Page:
So, what does this mean in reality? It starts with asking employees to create three separate lists – personal goals, professional goals and charity goals – and then adjusting their working week to make time for them. “We have an employee in Australia who wanted to learn how to swim,” says Carolyn Everson, Facebook’s VP for global marketing solutions. “At each appraisal meeting, she discussed with her boss how she could fit in swimming lessons, and they restructured her work schedule. She’s just completed her first Open Water championship.” Talk about life in the fast lane.

To hit those goals, bosses are collaborating with their staff by inviting them to write a ‘vision letter’. Think of it like a mission statement, where you list your aspirations alongside a time frame, detailing how many hours you need and when you want to achieve them by. Then you share it with your friends, colleagues and bosses to see how they can help. Why? First off, we’re 42% more likely to achieve our goals by writing them down*. Secondly, there are logistics involved with, for instance, booking a conference room every Tuesday to practise your Tai Chi. Either way, everyone knows about it – and your colleagues (who’ll have their own goals to achieve, too) won’t be passive-aggressively clock-watching when you head out.

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Everyone’s quids in


OK, so it’s easy to see the benefits for us, but where’s the plus side for your boss when you’re having to skip a meeting to compete in a netball match? “Companies that help their teams find their purpose and live it out at work will see fewer sick days, more fulfilled employees, high productivity rates and lower staff turnover,” explains Gabrielle. The stats agree. A recent Headspace report showed that insurance company Aetna saved £2,300 per employee, per year, on potential lost productivity by introducing a mindfulness initiative.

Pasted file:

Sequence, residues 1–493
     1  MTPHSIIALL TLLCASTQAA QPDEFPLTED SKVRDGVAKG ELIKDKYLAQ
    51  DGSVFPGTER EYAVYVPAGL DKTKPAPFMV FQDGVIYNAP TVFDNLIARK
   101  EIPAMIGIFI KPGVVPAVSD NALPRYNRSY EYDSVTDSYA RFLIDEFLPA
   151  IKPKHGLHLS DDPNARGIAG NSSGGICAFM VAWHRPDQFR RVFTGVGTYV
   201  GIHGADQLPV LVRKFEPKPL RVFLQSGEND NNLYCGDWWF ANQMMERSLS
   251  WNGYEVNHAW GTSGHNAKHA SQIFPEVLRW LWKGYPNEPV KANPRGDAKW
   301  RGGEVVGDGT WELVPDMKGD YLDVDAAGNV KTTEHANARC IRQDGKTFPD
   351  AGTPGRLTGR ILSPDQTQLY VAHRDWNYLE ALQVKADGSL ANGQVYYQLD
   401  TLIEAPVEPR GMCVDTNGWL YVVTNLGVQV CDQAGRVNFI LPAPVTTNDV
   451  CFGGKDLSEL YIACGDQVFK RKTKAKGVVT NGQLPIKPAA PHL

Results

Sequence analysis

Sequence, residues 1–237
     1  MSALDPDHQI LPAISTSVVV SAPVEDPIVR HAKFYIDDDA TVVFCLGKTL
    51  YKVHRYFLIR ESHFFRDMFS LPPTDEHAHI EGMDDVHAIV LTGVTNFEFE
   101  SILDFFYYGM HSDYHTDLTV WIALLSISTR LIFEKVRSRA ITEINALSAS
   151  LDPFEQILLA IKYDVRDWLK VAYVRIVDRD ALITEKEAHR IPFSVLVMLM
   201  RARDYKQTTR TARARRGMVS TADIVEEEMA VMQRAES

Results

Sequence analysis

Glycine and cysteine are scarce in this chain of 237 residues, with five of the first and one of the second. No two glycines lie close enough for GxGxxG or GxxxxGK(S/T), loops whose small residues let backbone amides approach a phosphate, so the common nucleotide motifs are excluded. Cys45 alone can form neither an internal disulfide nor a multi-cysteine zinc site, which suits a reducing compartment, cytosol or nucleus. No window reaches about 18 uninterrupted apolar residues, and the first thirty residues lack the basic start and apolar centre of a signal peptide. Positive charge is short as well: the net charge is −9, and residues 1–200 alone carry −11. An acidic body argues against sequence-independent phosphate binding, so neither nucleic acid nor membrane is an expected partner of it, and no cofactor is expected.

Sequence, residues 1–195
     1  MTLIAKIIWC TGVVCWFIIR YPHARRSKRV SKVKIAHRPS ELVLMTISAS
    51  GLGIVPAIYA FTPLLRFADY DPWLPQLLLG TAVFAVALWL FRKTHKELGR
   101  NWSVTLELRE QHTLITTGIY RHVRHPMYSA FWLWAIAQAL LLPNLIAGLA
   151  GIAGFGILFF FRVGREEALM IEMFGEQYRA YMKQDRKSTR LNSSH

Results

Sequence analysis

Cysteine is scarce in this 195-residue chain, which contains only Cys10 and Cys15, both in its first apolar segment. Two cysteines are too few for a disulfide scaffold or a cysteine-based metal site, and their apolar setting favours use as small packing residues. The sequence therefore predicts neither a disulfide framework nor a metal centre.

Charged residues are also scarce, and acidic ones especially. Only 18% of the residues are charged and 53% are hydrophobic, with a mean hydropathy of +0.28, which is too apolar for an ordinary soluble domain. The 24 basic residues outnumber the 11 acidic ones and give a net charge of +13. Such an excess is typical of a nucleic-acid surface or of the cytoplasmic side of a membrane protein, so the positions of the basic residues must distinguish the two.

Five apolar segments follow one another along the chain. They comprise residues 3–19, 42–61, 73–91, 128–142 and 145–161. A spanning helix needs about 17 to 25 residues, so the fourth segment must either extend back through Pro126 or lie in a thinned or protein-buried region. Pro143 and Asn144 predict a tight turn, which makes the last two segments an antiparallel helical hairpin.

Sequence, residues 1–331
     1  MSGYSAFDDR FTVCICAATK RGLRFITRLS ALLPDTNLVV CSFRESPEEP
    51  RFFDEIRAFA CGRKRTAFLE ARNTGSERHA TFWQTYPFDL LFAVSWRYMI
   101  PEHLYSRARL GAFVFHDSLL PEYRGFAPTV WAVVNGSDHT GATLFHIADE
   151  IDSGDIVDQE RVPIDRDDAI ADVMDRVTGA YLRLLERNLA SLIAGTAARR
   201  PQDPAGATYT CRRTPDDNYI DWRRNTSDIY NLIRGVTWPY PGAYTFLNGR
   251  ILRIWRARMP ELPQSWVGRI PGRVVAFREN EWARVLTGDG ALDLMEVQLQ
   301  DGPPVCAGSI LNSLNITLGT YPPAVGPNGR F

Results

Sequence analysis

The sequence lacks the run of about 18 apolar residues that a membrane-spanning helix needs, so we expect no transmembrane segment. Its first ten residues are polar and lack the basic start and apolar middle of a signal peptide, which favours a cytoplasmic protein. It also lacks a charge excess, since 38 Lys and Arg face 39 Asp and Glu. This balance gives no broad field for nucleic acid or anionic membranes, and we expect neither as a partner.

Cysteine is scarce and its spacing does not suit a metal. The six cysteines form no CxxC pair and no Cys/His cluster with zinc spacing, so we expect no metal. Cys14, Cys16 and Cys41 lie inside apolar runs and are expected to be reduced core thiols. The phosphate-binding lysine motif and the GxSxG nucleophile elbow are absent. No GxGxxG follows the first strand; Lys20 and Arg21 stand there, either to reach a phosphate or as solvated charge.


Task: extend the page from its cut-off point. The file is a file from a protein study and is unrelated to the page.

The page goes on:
In some cases, companies will even pay for you to pursue your side-hustles if they understand the benefits. “I work across health and fitness brands for a PR company in London, which started an initiative to support employees in pursuits outside of work,” says Alice, 26. “I’ve always wanted to become a qualified personal trainer and after presenting my case to my bosses, they supported the funding for my training, which would have cost me £2,000. The course was online (with practical tests at the end) so it didn’t interfere drastically with work. I feel much more motivated at work as a result, plus holding a PT qualification adds credibility with clients.”